People across the U.S. tell their own stories of how wind and solar have changed their lives and benefitted the diverse regions where they live. “After I lost my job, I had about three days of sulking, and then I got up and decided to listen to some of my co-workers’ advice to look into wind turbines,” he said in Reinventing Power: America’s Renewable Energy Boom, a new film (to be widely released this summer) from the Sierra Club about the energy revolution in America. He now works as a turbine engineer, and the wind industry is helping the state climb out of its deep recession. Bruce’s circumstances are not unusual: In the U.S., jobs in sectors that have traditionally boosted the economy are disappearing. Coal is environmentally damaging and expensive to mine. Car companies are looking at an eventual slow-down in sales. Across both sectors and many more, automation is putting people out of work. Renewable energy is poised to step up where these older sectors are falling behind. Wind and solar employ over 800,000 people across the country, and are some of the fastest-growing industries. As these resources scale, they’re becoming economically viable–solar is around 50% cheaper than coal–and wide-scale adoption of wind and solar could help curb America’s carbon emissions. And they’re adaptable across a range of communities: Reinventing Power traces the establishment of the country’s first offshore wind farm near the tiny Rhode Island community of Block Island and delves into community solar programs in Austin and wind power on Northern Cheyenne Indian Reservation in Montana and a farm in North Carolina, The film also follows the retraining of former coal miners and auto workers for jobs in renewables throughout the U.S.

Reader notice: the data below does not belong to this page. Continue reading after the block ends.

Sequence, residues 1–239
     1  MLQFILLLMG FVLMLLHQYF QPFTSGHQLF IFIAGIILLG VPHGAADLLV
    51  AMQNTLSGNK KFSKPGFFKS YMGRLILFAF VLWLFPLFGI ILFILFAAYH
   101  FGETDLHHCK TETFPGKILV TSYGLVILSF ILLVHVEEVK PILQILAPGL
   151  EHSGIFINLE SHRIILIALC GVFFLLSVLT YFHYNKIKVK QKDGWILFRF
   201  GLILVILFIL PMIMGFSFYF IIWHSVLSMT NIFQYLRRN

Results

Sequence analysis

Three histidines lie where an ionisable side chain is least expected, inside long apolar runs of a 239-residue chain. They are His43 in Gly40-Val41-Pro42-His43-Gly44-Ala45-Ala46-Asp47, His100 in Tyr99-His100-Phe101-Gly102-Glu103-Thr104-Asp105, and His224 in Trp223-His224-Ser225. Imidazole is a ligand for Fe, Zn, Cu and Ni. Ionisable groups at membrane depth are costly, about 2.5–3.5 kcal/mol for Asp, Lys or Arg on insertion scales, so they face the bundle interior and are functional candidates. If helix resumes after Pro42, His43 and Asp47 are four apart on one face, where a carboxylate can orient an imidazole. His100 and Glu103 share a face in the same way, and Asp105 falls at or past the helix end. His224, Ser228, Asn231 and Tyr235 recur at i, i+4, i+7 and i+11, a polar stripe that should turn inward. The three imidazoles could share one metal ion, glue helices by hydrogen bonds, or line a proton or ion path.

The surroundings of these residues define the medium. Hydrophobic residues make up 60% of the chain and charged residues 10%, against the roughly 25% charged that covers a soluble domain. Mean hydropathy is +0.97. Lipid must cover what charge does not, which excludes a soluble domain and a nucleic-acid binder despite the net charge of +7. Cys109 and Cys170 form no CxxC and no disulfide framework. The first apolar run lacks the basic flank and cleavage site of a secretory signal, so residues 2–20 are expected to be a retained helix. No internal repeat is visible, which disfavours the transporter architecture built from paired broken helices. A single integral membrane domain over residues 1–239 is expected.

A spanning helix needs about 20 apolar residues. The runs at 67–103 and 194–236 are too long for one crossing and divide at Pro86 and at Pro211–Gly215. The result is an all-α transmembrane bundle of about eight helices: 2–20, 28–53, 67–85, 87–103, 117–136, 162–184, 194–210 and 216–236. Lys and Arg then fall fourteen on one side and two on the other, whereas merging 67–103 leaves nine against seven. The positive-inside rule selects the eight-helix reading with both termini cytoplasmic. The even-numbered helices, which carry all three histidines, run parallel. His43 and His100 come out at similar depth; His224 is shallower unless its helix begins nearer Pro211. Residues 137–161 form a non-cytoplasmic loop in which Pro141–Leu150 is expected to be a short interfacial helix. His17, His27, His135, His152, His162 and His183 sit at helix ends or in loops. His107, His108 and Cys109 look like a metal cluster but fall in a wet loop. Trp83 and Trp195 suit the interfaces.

Fast Company 5th June 2018 read more »